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Mr. MICA. Mr. Chairman and my colleagues, first I want to again thank Chairman Carter and Ranking Member Price for their excellent work, and again his staff. They have gone through some of the expenditures for TSA not only in the dollar amounts, but also in the language that's contained supporting their appropriations measures, some excellent provisions.
Now, I do offer this amendment, which is no greater increase in spending, but does move some money around from TSA administration to support our private screening partnership program. As you heard earlier from one of the speakers, this program is very successful, it's cost effective, and many airports want to avail themselves of it.
TSA has thwarted all the efforts to increase the private screening under Federal supervision, and they came up with a whole host of excuses. Also, they have cooked the books as far as the cost of operating these private screening operations.
Now, you've got to remember that if you look at this bill, it puts a limit of 46,000 screeners, I believe, in the past. We've increased that from 40,000. Mr. Rogers and I did that some time ago. Actually, if you go online, you'll find 51,000 screeners. We're not sure exactly what the figure is right now. It may be less than that.
There are a total of 66,000 TSA employees. So that leaves approximately 15,000--even at our most conservative estimate--of the number of people in administration.
Right now, there is close to $1.2 billion spent on nonscreener salaries. That's $1.19 billion, to be exact, in this bill. So this moves a small amount of money--$20-some million--over to, again, the private screening account. I think it's justified. I think we're going to need it.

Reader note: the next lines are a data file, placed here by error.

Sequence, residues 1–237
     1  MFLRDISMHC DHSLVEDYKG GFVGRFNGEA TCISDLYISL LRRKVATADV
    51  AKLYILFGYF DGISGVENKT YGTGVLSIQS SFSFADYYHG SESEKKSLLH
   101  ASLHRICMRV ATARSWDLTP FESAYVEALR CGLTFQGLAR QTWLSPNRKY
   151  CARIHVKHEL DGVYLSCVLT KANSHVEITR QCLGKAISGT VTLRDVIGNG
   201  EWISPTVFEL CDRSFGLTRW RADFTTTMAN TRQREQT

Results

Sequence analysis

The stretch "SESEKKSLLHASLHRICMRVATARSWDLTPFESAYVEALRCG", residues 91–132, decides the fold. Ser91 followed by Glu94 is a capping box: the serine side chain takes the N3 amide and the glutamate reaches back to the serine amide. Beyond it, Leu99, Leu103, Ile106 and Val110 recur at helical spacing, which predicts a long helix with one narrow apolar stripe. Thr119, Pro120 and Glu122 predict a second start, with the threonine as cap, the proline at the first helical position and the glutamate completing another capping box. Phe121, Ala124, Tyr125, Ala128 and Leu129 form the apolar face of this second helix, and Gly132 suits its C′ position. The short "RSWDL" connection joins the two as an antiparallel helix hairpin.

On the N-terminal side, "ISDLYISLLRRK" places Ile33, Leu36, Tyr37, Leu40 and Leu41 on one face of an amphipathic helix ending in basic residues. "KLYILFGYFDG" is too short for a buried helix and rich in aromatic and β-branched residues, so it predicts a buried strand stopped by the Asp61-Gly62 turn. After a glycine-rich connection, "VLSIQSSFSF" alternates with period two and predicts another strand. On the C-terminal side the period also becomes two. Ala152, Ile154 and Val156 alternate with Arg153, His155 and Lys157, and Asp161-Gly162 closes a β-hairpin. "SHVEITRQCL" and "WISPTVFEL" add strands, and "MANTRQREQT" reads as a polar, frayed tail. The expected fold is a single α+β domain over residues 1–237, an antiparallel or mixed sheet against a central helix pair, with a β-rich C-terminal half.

I have several amendments that I'm going to offer in a minute that I would like to expand, again, on the size of the bureaucracy and what TSA is doing to thwart the privatization effort that could bring cost-effective screening to play and do a better job and save taxpayers money.
With that, I yield back the balance of my time.
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Mr. MICA. Mr. Chairman and Members of the House, I have this amendment and I have several others. I'm going to combine my remarks on this amendment and one of the other amendments to expedite this process.
I am very pleased that the previous amendment to take money out of administration--TSA administration--which I believe is extremely bloated, and putting it into, again, the private Screening Partnership Program, that successfully passed. With that passing, I had a second amendment to take a similar amount to put those funds into the transportation security support and intelligence account.